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U.S. Drug Approval Process Shouldn’t Be a Government Secret

February 12, 2020

February 12, 2020
By Jon Riches

Watch Goldwater Institute Director of National Litigation Jon Riches argue before the U.S. Court of Appeals for the Ninth Circuit, making the case for greater transparency in the drug approval process.

The purpose of the Freedom of Information Act is to make government functions transparent, so that the public can know what our government is up to. And the drug approval process in the United States is one of the most critical functions the federal government performs. That’s why the Goldwater Institute was recently in court fighting for more openness in how the U.S. Food and Drug Administration (FDA) decides who can access investigational treatments that could save lives.

In 2014, when a deadly Ebola outbreak in West Africa infected thousands of patients, including several Americans, the FDA made one investigational drug, ZMapp, available for use in an incredibly expeditious manner that did not appear to be in line with the normal drug approval process. Shortly after reports about the ZMapp approval surfaced, the Goldwater Institute, which has been engaged in public policy research and analysis on the drug approval process for years, submitted a Freedom of Information Act request seeking information about how the FDA’s drug approval process worked in this case. 

The Institute was glad that the FDA made this drug available to the patients infected with Ebola, and we were interested in researching how that process occurred so that other sick and dying patients might also gain access to investigational drugs. 

In its FOIA request, the Institute did not seek commercial information. The Institute did not seek financial information. The Institute did not seek any information about the activities of private parties. In its FOIA request, it sought information only about government functions; specifically, how the approval process worked in this case and whether the FDA’s own rules and processes were followed.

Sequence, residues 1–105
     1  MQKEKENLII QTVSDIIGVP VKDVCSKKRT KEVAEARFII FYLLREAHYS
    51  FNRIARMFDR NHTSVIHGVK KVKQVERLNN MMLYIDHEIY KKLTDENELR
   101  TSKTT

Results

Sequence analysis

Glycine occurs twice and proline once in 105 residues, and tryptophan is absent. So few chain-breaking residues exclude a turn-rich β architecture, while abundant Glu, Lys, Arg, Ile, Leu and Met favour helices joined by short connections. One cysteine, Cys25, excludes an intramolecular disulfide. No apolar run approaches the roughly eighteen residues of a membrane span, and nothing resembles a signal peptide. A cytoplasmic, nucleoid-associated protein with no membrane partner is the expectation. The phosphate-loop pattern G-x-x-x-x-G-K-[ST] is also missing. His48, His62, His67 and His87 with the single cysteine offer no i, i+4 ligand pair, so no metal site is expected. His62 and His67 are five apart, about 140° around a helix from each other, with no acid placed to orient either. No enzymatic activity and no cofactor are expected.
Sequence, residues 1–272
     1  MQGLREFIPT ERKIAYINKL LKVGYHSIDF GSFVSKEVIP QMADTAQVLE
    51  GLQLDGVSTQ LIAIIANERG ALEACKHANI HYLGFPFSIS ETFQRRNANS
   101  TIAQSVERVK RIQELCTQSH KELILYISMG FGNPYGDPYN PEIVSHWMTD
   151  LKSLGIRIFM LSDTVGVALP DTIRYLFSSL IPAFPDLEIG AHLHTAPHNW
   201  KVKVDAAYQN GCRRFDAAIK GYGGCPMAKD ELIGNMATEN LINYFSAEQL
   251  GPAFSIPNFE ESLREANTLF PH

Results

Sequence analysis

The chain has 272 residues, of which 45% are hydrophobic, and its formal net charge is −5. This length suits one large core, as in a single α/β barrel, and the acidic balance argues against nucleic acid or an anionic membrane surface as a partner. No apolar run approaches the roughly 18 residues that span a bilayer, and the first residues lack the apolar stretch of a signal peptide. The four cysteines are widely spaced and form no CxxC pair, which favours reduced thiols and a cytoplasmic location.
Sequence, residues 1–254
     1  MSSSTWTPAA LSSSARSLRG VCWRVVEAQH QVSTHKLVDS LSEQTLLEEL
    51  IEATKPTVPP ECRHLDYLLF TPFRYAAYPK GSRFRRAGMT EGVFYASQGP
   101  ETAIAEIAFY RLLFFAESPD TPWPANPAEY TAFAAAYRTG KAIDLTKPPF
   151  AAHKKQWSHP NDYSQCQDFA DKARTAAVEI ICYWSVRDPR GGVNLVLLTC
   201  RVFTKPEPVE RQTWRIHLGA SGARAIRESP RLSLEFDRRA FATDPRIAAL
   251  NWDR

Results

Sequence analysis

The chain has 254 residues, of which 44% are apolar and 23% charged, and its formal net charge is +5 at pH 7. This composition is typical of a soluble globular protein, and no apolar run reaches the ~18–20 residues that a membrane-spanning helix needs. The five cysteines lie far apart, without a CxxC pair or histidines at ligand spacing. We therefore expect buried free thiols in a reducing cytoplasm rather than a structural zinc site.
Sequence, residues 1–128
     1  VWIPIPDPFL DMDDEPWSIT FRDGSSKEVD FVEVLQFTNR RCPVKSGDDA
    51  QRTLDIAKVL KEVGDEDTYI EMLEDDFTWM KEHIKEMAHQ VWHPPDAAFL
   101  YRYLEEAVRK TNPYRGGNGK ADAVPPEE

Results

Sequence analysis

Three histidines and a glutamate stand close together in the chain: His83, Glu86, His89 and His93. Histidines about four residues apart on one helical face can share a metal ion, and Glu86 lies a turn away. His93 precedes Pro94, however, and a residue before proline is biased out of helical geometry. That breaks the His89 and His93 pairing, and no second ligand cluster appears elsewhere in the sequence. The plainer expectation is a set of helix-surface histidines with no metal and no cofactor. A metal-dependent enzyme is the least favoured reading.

Yet the FDA claimed that FOIA Exemption 4—a limited exemption meant to protect only commercial and financial information about private parties—justified withholding records about government processes. 

Last Friday, the U.S. Court of Appeals for the Ninth Circuit heard argument from the Goldwater Institute, asking the court of appeals to set aside a lower court’s ruling that allowed the FDA to withhold these records. (Goldwater’s case was selected as one of a handful of arguments to be held at the Arizona State University School of Law when the Ninth Circuit traveled through Arizona.)

The drug approval process in the United States should not be a government secret. The Institute is hopeful that the appellate court will agree, rule in favor of transparency, and release the records at issue.

You can read more about our lawsuit here, and you can watch the full oral argument here.

Jon Riches is the Director of National Litigation at the Goldwater Institute.



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